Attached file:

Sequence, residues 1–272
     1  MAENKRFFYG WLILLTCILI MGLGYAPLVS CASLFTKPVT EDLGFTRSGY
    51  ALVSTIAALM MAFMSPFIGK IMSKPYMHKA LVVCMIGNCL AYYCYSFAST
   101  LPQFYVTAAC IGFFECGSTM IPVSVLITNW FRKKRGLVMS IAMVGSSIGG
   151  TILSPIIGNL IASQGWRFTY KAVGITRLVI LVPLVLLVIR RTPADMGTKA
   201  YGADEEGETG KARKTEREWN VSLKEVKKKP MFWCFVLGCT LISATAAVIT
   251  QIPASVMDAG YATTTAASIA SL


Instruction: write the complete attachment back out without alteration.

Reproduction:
Sequence, residues 1–272
     1  MAENKRFFYG WLILLTCILI MGLGYAPLVS CASLFTKPVT EDLGFTRSGY
    51  ALVSTIAALM MAFMSPFIGK IMSKPYMHKA LVVCMIGNCL AYYCYSFAST
   101  LPQFYVTAAC IGFFECGSTM IPVSVLITNW FRKKRGLVMS IAMVGSSIGG
   151  TILSPIIGNL IASQGWRFTY KAVGITRLVI LVPLVLLVIR RTPADMGTKA
   201  YGADEEGETG KARKTEREWN VSLKEVKKKP MFWCFVLGCT LISATAAVIT
   251  QIPASVMDAG YATTTAASIA SL